experienced this biting behavior with my early generation Savannahs and will
not remove the comments to satisfy some. Anyone considering an early
generation cat needs to be prepared for what they may experience. This
is especially true of those desiring to breed. I do realize that some
breeders have not experienced this nipping behavior. You may not
experience it either, but you should be prepared that you might.
"Hell, I have an F1 that was
from my ___ here, she was as sweet as could be as a baby, but when
she got to be about 10 months old, she is an embarrassment to me, as
I know she was very well socialized by myself, and to see her today,
you would think she was caged all her life, she is very hard to
handle, won't bite me or anything, but acts as if she will. I can
scruff her, but she always seems like she's afraid of me, and god
knows why, because I spoiled the hell out of her. The only time she
acts tame is if I am eating something, and she wants some of it, and
she'll come right up to me, with a whole different attitude.
Then I have another F1 that is totally opposite, sweet as can be,
and another one that I would put in the in between category. So go
figure. LOL They all have their individual personalities, at least
that is what I have found out. It doesn't always have to do with
how well they were socialized as I can attest to that, as mine have
always been more than spoiled, but sometimes take on a different
personality as they get older."
These are Servals, not Savannahs
..."One of my cats does that
right as they are going into heat. (attacks)....
She is acting like she really
wants affection and reacts when she gets it..
I believe it is the same as she
would to a male, when she is not ready to be bred
but going into estrous. ..........In a nut shell
..... Mine is in full blown PMS.
As a Woman..... gotta respect
"Yes well I remember once, when I first got _____ he
was in a “mood” and as we were settling in to bed,
he was taking a un-proportionate amount of room on
the bed. He was lying across the foot of the bed
which means almost taking it all down there. It was
pretty warm and I had one leg on top of the covers.
I gave him a nudge to scoot him over and wham he
just reaches over and takes a big deep chomp on my
leg. This was over a year ago and I still have the
scar. Later on afterwards I got him is own bed. Its
like an extension of our bed. He likes sleeping on
it. We get along pretty well now and don’t think he
would do it again, but that was just one of those
some savannahs there is NO amount of training that will help. I'm
sure your little training session will help a little but most people
are going to do what they want when they get the animals home. I
think some listen but most don't. I still will not place an F1 or F2
( and some F3's depending on temperament ) into a home with small
there is _______. If he doesn't want me to leave his
enclosure, he lets me know and boy can he be quick.
I have many little wounds from his claws and teeth.
Loving and then turns and attacks.
learned to be very careful with breeders, male or
female. They can get an attitude for what we think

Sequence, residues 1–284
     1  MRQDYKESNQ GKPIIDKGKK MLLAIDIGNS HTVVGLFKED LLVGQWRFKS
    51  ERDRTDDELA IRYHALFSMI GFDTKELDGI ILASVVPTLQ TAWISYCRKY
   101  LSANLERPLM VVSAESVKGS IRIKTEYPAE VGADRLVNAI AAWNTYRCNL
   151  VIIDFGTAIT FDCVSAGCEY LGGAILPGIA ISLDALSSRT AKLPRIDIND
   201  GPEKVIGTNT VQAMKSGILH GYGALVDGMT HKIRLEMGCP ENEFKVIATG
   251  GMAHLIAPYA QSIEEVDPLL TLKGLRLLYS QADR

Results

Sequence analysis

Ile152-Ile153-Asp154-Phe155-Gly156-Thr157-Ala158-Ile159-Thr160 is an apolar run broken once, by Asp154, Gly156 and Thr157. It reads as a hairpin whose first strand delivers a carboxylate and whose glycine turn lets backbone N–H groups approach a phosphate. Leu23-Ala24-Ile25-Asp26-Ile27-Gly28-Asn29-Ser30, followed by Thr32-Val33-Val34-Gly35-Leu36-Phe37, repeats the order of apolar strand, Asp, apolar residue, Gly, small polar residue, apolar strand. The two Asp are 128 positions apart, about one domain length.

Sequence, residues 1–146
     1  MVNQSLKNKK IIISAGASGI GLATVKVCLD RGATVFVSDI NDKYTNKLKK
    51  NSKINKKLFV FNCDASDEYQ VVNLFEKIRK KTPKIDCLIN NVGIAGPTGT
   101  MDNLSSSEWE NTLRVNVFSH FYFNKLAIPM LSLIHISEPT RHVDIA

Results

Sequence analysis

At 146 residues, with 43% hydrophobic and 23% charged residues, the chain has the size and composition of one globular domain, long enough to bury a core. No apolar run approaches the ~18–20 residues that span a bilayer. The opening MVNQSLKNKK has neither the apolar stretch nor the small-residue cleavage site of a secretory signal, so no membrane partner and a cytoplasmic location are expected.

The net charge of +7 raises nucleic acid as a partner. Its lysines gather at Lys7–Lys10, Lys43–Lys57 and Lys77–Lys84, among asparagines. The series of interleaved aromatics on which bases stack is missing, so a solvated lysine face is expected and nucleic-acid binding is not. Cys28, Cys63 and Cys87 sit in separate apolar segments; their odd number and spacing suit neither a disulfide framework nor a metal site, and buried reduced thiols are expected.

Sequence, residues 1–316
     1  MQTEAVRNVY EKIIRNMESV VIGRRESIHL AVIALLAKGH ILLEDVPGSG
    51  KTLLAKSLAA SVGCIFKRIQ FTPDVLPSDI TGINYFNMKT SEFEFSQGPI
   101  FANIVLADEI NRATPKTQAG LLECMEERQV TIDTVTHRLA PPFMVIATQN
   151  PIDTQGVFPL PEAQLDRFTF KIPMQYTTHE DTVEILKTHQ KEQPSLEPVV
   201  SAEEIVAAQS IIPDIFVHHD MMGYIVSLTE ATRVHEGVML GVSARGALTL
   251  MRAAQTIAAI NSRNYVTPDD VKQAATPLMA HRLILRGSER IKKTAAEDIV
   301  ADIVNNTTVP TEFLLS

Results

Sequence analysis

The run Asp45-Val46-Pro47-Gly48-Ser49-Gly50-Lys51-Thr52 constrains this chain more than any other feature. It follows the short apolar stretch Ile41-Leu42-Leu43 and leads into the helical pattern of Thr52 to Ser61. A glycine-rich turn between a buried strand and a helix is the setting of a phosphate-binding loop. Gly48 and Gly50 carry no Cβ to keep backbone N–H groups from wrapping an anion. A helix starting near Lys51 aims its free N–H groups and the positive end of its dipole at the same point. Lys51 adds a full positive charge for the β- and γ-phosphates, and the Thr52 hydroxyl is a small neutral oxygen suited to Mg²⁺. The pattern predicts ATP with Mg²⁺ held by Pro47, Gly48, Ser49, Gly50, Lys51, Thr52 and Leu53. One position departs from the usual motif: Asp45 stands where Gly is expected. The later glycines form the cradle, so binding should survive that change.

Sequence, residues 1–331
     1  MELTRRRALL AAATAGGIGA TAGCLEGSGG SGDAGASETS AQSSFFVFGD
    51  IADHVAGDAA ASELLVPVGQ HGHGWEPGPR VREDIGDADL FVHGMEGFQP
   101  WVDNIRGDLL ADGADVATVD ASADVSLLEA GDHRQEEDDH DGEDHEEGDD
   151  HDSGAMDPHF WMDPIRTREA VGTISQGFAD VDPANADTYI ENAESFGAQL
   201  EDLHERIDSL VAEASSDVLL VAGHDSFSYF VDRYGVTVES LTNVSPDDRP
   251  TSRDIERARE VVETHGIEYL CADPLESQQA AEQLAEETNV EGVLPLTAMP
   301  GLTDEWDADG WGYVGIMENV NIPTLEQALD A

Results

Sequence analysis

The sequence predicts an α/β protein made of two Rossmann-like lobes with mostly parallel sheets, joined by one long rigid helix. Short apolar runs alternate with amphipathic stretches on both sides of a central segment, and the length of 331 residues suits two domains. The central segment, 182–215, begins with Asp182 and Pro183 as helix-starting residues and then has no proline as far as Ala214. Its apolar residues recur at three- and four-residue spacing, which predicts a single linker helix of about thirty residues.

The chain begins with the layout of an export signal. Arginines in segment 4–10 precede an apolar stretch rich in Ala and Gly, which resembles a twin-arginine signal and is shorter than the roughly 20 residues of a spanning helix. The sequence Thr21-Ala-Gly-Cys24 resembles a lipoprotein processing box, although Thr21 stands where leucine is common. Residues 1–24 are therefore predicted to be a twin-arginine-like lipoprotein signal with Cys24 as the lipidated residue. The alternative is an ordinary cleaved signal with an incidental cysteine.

is for no reason.
happening with F1 females that are spayed or only
the F1 breeders??
I can only
imagine how quick a Savannah F1 could be",
..."We've had a couple early generation Savannahs
that would rub up and act very friendly, then take a
bite out of your calf -- and draw a little blood.
It may be hormonally driven behavior -- but one
needs to be wary and aware this does happen.
Savannahs seem to be very "mouthy" cats --
meaning more than a few use their mouths a lot for
chewing and nipping.
We had an
F2 male kitten that was soooo sweet -- loved to
purr, be held, and was really in your face -- but he
was a major nipper -- would cause bruising and draw
"I have an F3 girl that is a biter. When she was spayed, the
behavior diminished. She has gotten much more mellow now."
..."We had an F1 that was soooo affectionate and
friendly as a kitten -- when she hit maturity she
remained friendly, greeted folks at the door, and
was always in the middle of everything.
However, she became sort of "quirky" -- she did NOT
want anyone to pet her when she was on the kitchen
counter. If our dog walked by, she would hiss and
swat at him. She did this to people, too. You
definitely could NOT touch her or approach her when
she was "on the counter."
Not sure why -- she was never fed there, no negative
experiences. It was the busiest part of the house
were there were often people or dogs walking by --
and she loved to threaten and boss!..."
.."One of our F3's is
NOT a social cat. She was very wild acting
from the time she was a kitten. She was
raised in the house and allowed free roaming in the
majority of the house. She never became a lap cat -
however she would lay on the couch with us sitting
on the opposite end. At times, she would walk
across me - but social? No. Her idea of
interaction would be to sit on the couch next to my
chair and solicit attention. We devised a game
- when I moved a finger, or straw, she would slap
it. She and I got to the point where she would
slap my hand and I would slap hers back. It
was her way to interact with me. There were no